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‘ [21] known; and no one thought of reporting any speech. Mr. Otis was a very captivating speaker; handsome, gesticulating gracefully, with a beautiful voice and fervent manner, he excited an audience sometimes to such a degree, that it was said, if it had pleased him, at the end of one of his speeches, to give a hurrah, and call on the people to follow him to burn the town, they would have done it. His manner was very natural.’

In politics the town was strongly Federal. This was especially true of the educated and wealthier classes. The clergymen, lawyers, physicians, and merchants were nearly all of that party. Towards Washington their feeling was such as was due to his unequalled virtues and services, and hardly stopped short of idolatry. The opening scenes of the French Revolution were watched with the keenest interest by both parties, soon passing, with the Federalists, to aversion deepening into horror.

Mr. Ticknor remembered Washington's death, and says of it:—

There never was a more striking or spontaneous tribute paid to a man than here in Boston, when the news came of Washington's death (1799). It was a little before noon; and I often heard persons say at the time that one could know how far the news had spread by the closing of the shops. Each man, when he heard that Washington was dead, shut his store as a matter of course, without consultation; and in two hours all business was stopped. My father came home and could not speak, he was so overcome; my mother was alarmed to see him in such a state, till he recovered enough to tell her the sad news. For some time every one, even the children, wore crape on the arm; no boy could go into the street without it. I wore it, though only eight years old.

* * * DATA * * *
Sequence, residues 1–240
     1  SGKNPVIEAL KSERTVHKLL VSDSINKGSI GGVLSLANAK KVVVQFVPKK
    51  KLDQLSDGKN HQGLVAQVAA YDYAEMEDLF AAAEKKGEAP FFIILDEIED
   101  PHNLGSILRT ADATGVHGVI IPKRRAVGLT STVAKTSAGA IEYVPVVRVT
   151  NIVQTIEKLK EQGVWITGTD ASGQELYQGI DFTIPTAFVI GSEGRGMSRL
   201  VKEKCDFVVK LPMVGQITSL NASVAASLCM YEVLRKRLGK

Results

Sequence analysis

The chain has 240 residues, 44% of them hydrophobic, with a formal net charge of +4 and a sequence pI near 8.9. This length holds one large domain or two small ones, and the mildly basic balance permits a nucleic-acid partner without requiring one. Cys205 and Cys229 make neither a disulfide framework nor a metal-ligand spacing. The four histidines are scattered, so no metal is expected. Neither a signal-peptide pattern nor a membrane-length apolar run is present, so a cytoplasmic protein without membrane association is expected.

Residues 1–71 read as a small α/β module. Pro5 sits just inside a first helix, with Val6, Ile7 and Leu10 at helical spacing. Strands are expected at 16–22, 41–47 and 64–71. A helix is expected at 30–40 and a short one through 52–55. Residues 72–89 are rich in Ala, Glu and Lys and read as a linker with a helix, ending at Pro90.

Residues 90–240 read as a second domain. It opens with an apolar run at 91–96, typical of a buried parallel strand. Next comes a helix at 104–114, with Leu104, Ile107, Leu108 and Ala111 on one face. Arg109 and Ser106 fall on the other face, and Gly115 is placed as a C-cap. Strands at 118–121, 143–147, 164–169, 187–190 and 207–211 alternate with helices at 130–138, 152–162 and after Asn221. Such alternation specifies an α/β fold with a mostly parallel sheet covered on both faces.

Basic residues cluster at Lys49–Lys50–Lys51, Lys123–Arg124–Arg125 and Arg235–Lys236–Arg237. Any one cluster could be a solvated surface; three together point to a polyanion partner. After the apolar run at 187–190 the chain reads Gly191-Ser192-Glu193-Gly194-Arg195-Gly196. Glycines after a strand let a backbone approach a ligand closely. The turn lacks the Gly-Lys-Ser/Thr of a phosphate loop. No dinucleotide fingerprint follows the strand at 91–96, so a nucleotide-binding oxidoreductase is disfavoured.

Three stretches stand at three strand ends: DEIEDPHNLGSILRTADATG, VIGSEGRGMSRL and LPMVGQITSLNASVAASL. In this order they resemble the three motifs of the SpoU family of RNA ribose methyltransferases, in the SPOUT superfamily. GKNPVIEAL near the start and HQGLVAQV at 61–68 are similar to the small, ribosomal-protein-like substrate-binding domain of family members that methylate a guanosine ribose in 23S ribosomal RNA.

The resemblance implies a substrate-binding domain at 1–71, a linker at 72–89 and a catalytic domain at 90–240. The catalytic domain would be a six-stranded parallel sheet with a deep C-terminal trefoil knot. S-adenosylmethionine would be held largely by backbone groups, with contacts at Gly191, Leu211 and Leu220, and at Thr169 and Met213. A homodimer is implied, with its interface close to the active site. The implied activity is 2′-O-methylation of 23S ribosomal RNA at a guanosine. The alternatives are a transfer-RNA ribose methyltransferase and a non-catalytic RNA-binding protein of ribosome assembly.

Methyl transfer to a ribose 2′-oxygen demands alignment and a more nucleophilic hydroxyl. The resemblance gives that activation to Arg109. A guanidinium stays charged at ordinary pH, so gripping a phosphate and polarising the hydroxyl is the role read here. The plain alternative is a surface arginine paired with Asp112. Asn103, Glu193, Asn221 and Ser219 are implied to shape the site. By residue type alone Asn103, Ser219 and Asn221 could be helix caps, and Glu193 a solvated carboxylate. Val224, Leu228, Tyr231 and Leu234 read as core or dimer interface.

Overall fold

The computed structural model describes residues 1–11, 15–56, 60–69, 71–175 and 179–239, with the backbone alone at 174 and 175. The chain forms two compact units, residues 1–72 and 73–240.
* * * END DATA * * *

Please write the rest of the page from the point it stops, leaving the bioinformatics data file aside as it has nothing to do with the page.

In the household in which George was reared there was nothing of the Puritan austerity which has been spoken of as tingeing the domestic manners of New England at that time. Of the peculiar characteristics of the Puritans, his father had only their pure morals and their strong religious faith. Being the only child of his father, and much younger than his half brothers and sisters, he was naturally a good deal petted, but never unwisely indulged. He was a docile, affectionate, and engaging child,

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